I first time I saw Caeleigh Featherstone perform was in the tiny back room of Tree Bar, a Columbus neighboorhood hangout and music venue with an uncle’s-basement vibe and a gigantic tree stump grown through the middle of the floor. (The tree trunk used to extend all the way through the ceiling, but that’s another story.) At the time Featherstone was playing keyboards and contributing vocals to WV White, a group that did incredible things with slapdash ’90s indie rock. It was late on a weeknight, and hardly anyone was there, but the band’s performance sent me reeling. They blurred psych, pop, shoegaze into massive droning swells, like local heroes Times New Viking if they hit the weight room and stretched out to luxuriant lengths. This was one of those rare moments of connection that sticks with you.
Featherstone has covered a lot of ground since then, both musically and geographically. She’s been a touring member of the fiercely beloved emo experimentalists Foxing and pristine power-pop experts the Sidekicks. Most famously, she joined Columbus folk-rock adventurers Saintseneca in 2018 after Maryn Jones (Yowler, All Dogs) departed the lineup, appearing on their most recent ANTI- release Pillar Of Na and contributing to another one of my favorite concerts by a Columbus band, this one quite a bit more crowded than the WV White gig.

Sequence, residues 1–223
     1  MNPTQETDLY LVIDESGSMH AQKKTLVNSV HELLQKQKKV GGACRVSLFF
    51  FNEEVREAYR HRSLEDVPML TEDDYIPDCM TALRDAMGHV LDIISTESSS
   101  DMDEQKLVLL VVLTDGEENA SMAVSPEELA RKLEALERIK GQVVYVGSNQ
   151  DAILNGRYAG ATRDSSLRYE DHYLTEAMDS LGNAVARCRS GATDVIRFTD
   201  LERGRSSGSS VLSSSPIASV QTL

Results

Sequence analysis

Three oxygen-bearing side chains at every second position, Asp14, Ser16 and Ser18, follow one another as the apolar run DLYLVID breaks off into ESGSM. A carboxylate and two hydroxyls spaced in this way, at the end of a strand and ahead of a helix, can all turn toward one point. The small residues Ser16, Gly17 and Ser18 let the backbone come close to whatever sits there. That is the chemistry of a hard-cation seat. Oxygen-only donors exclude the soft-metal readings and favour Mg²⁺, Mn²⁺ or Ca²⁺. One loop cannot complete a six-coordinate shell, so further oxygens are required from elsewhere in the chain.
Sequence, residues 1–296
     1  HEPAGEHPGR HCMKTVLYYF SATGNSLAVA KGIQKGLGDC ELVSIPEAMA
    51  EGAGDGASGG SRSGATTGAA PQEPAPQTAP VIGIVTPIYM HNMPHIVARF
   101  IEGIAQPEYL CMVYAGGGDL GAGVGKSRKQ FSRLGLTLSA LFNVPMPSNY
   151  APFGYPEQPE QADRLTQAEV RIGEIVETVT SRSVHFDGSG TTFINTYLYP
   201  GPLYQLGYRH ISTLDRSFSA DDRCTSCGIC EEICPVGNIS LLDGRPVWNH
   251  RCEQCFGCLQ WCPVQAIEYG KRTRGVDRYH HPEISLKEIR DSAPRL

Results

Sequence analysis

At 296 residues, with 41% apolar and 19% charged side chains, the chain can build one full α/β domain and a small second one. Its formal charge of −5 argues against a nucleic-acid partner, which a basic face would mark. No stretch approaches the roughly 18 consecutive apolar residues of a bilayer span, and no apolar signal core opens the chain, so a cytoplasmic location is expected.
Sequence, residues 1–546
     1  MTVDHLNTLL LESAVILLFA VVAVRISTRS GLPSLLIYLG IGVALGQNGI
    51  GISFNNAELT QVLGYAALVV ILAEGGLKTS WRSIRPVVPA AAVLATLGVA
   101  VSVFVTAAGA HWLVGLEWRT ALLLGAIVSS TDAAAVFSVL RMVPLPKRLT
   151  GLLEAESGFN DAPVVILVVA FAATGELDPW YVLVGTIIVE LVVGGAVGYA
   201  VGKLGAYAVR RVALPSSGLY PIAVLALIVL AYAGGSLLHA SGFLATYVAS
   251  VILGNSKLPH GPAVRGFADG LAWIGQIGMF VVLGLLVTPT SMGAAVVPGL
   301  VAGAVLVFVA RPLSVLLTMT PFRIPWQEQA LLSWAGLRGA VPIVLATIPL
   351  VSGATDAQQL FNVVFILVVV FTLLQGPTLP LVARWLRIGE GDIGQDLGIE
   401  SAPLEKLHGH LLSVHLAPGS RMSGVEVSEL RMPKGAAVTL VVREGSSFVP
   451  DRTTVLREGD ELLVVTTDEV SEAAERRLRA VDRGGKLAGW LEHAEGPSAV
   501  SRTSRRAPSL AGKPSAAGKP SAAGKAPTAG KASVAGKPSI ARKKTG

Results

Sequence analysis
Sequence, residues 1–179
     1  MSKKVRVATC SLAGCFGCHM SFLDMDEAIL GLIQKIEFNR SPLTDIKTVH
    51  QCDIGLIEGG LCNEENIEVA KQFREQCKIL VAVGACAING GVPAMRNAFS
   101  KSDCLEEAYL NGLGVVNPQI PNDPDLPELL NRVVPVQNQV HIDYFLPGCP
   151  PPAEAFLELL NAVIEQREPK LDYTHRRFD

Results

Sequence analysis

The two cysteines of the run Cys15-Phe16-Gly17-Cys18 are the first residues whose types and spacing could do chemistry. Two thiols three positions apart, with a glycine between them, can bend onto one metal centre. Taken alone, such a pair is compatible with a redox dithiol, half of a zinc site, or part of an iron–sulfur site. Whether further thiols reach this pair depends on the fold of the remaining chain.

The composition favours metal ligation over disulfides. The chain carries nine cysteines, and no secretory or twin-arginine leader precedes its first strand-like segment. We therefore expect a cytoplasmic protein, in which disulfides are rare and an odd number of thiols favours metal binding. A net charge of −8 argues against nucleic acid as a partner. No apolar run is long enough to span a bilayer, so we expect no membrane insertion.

So my interest in a Featherstone solo project is high, even (especially?) one that diverges sharply from her previous affiliations. As Mukiss, she’s making a time-honored transition, infusing her guitar-based indie rock with a heavy dose of keyboards and electronics. Debut single “Bruise Blue,” which emerged over the holidays, suggests she will excel in this context, too. It’s produced by Glenn Davis of Way Yes, a musician who has long been adept at translating quirky DIY indie fare into the electro-pop realm, but the song’s confessional and melodic power belongs to Featherstone alone.